Re: China: Monks must get OK to be reincarnated
- I guess we can add "bureaucrat" to Klemp's resume--right up
there with his Who's Who Intellecual writer status! LOL! What
a joke! Interesting article on the Chinese, especially, in light
of the dangerous products they've been selling to the world!
"Just when you're set to move on to that next step of
existence, some bureaucrat wants you to fill out a bunch of
Wicked, wicked ways really--controlling people and creating
--- In EckankarSurvivorsAnonymous@yahoogroups.com,
"Elizabeth" <ewickings@...> wrote:
> This was published in our local paper. Was thinking Klemp could very
> well use this tactic in the future with his membership.
> Published August 18, 2007
> The Gannet
> It turns out China is doing more than exporting poisonous toothpaste,
> toys coated with lead paint and tires guaranteed to blow apart at 70
> They have decreed that Buddhist monks in Tibet have to get government
> permission before they can reincarnate.
> I hate it when that happens. It just spoils the whole death-to-new-
> life experience. Just when you're set to move on to that next step of
> existence, some bureaucrat wants you to fill out a bunch of papers.
> The irony, of course, is that an atheistic government now gets to
> decide whether you get to reincarnate yourself. Go figure. Please.
> Of course this is ridiculous. But there's something more sinister
> going on. China's communist rulers aren't just trying to make a
> mockery of the religion in a nation that has struggled under the heel
> of Mao Zedong's thugs since 1950.
> What the Central Committee in Beijing wants is to further weaken the
> influence of the exiled Dalai Lama, Tibet's spiritual leader, who is
> no friend of the Chinese. The new order, in effect, gives China the
> power to pick the next Dalai Lama, someone they plan to keep on a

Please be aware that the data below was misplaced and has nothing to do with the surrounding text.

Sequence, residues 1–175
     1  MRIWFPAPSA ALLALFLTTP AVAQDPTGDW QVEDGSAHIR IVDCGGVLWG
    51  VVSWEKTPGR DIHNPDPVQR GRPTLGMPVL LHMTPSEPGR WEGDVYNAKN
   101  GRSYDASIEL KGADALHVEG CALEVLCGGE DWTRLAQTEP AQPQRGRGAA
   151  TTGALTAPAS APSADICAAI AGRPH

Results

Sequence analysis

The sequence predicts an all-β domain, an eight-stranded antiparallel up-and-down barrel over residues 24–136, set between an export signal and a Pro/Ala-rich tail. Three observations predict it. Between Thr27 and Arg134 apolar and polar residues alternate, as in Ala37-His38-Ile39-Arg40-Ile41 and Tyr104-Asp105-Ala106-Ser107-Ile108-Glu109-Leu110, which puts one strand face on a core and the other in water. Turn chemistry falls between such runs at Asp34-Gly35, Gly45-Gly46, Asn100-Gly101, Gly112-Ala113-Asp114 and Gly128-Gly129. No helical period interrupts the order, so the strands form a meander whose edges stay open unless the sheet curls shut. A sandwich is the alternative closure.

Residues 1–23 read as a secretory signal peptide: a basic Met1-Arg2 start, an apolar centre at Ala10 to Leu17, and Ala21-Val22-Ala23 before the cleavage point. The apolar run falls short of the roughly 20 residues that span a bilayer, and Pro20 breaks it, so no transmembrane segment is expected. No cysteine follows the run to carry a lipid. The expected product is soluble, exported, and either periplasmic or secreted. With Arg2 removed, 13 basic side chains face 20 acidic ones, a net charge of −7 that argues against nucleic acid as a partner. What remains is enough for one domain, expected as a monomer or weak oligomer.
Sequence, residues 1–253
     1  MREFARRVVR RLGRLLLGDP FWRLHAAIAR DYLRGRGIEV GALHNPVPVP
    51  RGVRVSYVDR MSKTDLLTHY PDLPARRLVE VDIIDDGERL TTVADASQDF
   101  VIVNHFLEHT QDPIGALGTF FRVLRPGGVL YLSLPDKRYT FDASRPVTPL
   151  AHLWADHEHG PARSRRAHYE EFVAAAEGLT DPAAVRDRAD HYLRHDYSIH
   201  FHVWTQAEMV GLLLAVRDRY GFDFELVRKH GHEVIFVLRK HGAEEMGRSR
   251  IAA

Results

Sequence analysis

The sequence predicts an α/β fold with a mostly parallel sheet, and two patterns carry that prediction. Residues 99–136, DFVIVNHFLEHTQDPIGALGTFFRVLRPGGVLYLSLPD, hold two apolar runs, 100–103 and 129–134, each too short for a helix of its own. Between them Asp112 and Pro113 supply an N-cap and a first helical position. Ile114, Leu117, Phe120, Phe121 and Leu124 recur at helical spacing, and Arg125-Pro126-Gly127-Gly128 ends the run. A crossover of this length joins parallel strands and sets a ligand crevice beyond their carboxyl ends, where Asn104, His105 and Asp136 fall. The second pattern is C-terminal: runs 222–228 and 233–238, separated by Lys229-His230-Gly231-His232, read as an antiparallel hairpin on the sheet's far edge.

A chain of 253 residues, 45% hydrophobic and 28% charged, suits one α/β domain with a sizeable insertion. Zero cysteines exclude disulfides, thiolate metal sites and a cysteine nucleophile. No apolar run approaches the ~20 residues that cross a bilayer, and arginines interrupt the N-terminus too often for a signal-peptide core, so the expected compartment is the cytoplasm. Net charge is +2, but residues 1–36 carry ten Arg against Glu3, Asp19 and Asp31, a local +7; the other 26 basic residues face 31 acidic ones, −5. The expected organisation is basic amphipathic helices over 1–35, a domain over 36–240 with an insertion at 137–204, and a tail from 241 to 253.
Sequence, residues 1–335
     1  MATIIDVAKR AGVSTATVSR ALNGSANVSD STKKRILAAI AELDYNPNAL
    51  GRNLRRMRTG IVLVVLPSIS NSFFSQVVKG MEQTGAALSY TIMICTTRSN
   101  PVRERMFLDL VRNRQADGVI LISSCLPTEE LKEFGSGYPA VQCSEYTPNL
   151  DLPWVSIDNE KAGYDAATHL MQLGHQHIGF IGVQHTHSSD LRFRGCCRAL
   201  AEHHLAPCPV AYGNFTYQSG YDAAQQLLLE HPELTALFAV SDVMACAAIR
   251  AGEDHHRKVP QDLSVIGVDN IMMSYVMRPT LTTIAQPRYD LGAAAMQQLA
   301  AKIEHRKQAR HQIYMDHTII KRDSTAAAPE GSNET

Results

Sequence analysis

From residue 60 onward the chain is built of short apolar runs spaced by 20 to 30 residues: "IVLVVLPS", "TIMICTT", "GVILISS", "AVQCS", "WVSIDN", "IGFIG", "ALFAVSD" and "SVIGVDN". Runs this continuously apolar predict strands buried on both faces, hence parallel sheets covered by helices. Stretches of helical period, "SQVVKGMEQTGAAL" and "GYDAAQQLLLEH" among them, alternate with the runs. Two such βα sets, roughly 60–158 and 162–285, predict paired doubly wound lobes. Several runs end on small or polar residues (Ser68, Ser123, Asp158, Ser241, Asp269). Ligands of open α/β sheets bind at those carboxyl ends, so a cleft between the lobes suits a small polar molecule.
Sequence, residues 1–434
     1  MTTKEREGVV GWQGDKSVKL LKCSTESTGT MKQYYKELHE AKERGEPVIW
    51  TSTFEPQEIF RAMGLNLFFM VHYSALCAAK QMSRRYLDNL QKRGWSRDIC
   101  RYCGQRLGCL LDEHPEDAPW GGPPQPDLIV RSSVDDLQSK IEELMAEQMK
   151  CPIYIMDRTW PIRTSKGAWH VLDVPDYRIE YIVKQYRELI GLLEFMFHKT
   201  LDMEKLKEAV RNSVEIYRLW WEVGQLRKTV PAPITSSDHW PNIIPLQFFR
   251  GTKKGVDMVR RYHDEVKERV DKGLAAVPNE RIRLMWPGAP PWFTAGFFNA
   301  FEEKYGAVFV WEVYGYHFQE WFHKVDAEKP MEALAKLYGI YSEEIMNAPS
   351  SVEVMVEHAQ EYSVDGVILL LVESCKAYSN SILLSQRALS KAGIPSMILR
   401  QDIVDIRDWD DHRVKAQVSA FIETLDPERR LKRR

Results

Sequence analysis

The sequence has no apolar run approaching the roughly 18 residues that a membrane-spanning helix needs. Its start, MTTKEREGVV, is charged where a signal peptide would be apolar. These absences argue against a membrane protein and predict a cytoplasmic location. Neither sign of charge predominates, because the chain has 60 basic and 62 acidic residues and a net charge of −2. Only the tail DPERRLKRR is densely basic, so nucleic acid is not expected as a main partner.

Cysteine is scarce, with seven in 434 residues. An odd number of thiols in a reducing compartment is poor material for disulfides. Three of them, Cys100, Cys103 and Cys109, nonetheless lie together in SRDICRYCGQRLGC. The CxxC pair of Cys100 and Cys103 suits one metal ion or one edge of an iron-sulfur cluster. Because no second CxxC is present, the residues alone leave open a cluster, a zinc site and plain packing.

> very short leash - and in Tibet.
> Tibetans believe in reincarnation. Buddhism teaches that the Dalai
> Lama's soul is reborn continually as a new human. The current Dalai
> Lama, who has been living in India since 1959, has said he refuses to
> be reborn in Tibet as long as China rules. This assumes he can
> control such things.
> Anyhow, the succession process could end up with two Dalai Lamas -
> one in Tibet picked by China and another from elsewhere picked by the
> current exiled Dalai Lama.
> All of this has created much stress for Tibet and its belief system
> based on peace and relieving human suffering.
> Still the notion of having to get an atheistic government's
> permission to carry out a religious act is laughable. I can just
> picture the scene in some bureaucrat's office in Beijing:
> "Excuse me, I'd like permission to be reincarnated."
> "Where are you from?"
> "Here, fill out these forms in triplicate. Oh, and no praying while
> you are in here. This is the Great Hall of Belief, which means belief
> in the Communist Party. Oh, by the way, do you have anything you'd
> like to export to the United States? Toys? Dog food? Pirated
> electronics? Flammable children's clothing? It's big business these
> days. We'll give you a 10% cut, and your product doesn't even have to
> work. The Americans don't inspect what they buy from us. They're so
> "No, I just want to be reincarnated."
> "You aren't trying to become the next Dalai Lama, are you?"
> "I really can't say."
> "Well, unless you plan to come back as a butterfly or an ox, you'll
> have to fill out more than those forms. We have rules, you know."
> "Like the ones you used to invade Tibet?"
> With friends like the Chinese, nobody needs enemies.
> Especially the Tibetans.